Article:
Daniel Drezner of the Fletcher School has an interesting and optimistic essay in the UK-based Spectator. He notes that predicting the decline of U.S. power has been in vogue for decades and argues that once again the nay-sayers have been wrong:
For those in Britain who are constantly told that the crisis ‘started in America’, this must all look rather strange. If the crash was an American disease, then shouldn’t Uncle Sam be worst affected? How come the US is now free of bailed-out banks, having sold them at a tidy $25 billion profit, when Britain looks like it will be saddled with zombie banks for another decade? And given that the Obama administration has spent the last few years deadlocked with a bickering Congress, how have the obstacles to growth been removed so quickly?
Well, for one thing, there are some constants to American power. Its healthy demographics fuelled by immigration, geographic security, a syncretic, dynamic popular culture, and excellence in higher education and innovation are unchanged. As in previous slumps, private sector and public sector adjustments have triggered a revival in American capabilities. And this can be traced to the fact that it responded to the shock of the 2008 financial crisis more adroitly than its rivals.
. . .
There is no denying that the relative power of the United States is less now than it was a decade ago. And yet, five years after the start of the Great Recession, US power does not appear to be on the wane. If anything, the trendlines suggest the opposite. Even Arvind Subramanian, the author of Eclipse: Living in the Shadow of China’s Economic Dominance, has changed his tune a bit. In a recent paper he paraphrased Mark Twain, concluding: ‘Reports of the decline in American economic power appeared to have been exaggerated.’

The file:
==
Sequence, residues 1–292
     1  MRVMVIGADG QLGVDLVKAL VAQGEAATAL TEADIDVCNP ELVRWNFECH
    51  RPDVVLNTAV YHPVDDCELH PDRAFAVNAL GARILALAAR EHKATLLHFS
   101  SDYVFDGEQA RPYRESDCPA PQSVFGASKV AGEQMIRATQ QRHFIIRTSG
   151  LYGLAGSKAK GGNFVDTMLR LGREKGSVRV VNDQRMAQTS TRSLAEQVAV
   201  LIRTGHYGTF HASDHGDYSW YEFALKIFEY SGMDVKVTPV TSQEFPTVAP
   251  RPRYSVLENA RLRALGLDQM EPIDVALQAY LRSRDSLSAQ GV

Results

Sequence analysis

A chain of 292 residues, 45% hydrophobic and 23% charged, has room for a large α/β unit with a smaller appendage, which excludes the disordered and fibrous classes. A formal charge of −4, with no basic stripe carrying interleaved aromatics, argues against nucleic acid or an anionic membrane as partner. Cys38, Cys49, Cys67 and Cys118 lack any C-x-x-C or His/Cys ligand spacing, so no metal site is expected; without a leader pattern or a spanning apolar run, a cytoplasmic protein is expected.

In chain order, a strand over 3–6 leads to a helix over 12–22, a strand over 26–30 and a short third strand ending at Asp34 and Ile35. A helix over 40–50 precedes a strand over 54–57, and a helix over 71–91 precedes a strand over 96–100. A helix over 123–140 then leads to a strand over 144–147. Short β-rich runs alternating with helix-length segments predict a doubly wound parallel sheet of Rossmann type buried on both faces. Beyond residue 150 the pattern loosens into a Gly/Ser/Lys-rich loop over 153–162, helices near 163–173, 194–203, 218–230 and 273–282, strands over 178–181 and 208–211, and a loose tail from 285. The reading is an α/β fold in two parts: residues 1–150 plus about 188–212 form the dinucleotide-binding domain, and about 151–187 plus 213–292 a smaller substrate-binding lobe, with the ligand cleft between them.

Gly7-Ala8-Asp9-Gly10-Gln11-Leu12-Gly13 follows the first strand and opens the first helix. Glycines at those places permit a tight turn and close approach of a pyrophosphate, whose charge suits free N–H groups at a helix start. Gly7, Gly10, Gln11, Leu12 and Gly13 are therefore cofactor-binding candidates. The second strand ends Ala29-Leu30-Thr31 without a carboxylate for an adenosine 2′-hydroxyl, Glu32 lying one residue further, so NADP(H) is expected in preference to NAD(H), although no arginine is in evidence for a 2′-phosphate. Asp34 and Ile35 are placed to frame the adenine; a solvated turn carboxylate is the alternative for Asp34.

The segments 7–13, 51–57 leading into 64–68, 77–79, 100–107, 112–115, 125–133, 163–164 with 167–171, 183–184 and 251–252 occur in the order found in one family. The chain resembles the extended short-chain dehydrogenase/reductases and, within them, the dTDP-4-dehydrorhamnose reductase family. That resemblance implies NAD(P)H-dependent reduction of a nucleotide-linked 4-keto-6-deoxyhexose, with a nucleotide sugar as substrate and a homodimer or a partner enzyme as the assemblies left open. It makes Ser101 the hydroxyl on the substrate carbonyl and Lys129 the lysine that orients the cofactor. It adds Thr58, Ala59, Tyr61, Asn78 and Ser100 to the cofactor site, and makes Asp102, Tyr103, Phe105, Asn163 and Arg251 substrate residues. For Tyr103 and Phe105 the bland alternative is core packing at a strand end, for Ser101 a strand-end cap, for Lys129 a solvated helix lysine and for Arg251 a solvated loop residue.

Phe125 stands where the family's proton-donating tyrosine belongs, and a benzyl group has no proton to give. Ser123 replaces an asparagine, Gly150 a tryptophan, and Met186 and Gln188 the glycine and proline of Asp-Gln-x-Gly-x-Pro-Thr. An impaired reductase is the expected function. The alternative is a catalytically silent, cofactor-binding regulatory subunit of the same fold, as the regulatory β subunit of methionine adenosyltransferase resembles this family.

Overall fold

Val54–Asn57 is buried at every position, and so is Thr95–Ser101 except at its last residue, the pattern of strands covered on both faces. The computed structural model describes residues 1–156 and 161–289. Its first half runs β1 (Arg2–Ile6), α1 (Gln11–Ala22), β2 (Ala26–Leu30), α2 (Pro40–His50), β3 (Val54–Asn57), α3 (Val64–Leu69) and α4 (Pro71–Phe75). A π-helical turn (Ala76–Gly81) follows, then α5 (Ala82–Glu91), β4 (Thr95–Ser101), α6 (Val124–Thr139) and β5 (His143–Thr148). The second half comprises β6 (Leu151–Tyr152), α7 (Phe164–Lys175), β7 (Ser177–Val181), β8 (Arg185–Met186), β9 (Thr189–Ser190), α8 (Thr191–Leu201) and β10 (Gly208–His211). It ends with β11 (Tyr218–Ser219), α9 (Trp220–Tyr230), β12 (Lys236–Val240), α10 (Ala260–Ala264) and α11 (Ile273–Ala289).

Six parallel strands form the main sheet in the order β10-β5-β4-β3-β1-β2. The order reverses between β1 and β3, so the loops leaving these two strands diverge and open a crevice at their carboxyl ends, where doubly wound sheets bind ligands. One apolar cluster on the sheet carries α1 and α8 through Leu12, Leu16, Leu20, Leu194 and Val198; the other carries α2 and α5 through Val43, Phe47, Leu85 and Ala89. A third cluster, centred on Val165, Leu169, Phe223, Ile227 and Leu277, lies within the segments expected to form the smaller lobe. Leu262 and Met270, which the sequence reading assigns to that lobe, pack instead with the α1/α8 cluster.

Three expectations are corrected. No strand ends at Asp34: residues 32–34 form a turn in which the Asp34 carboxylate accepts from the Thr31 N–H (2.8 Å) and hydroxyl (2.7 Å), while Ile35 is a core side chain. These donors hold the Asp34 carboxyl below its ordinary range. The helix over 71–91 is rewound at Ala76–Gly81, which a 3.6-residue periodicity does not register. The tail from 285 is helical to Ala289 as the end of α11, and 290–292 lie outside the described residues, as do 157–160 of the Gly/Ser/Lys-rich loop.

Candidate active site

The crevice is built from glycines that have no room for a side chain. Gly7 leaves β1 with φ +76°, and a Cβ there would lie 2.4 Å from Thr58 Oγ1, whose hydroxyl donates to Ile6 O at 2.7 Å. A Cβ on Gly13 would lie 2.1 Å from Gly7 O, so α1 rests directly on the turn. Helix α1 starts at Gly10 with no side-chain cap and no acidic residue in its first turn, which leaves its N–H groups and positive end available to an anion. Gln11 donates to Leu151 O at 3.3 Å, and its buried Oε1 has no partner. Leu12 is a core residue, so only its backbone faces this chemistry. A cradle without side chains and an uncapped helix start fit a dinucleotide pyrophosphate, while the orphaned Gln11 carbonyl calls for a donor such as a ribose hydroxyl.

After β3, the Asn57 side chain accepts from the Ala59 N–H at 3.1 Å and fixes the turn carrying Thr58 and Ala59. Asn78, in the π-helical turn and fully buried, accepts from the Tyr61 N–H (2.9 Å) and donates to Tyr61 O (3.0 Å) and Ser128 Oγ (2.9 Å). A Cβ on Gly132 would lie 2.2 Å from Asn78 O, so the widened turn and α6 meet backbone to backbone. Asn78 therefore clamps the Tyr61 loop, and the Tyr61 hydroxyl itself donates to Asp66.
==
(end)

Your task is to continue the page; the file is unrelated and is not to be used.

Plenty of dangers lie ahead. The United States could get trapped into another draining war in the Middle East. Partisan bickering in Washington could block any structural budget reforms and cripple America’s long-term finances. A premature end to quantitative easing, or another eurozone crisis, could induce another setback. But the United States has a remarkable ability to right its own ship. That ability, in and of itself, is one of the sources of its enduring power.
Read it all here. Drezner offers a great deal of detail on his argument about the recent success of the United States. What do you think.
Charles A. Blanchard
United States Air Force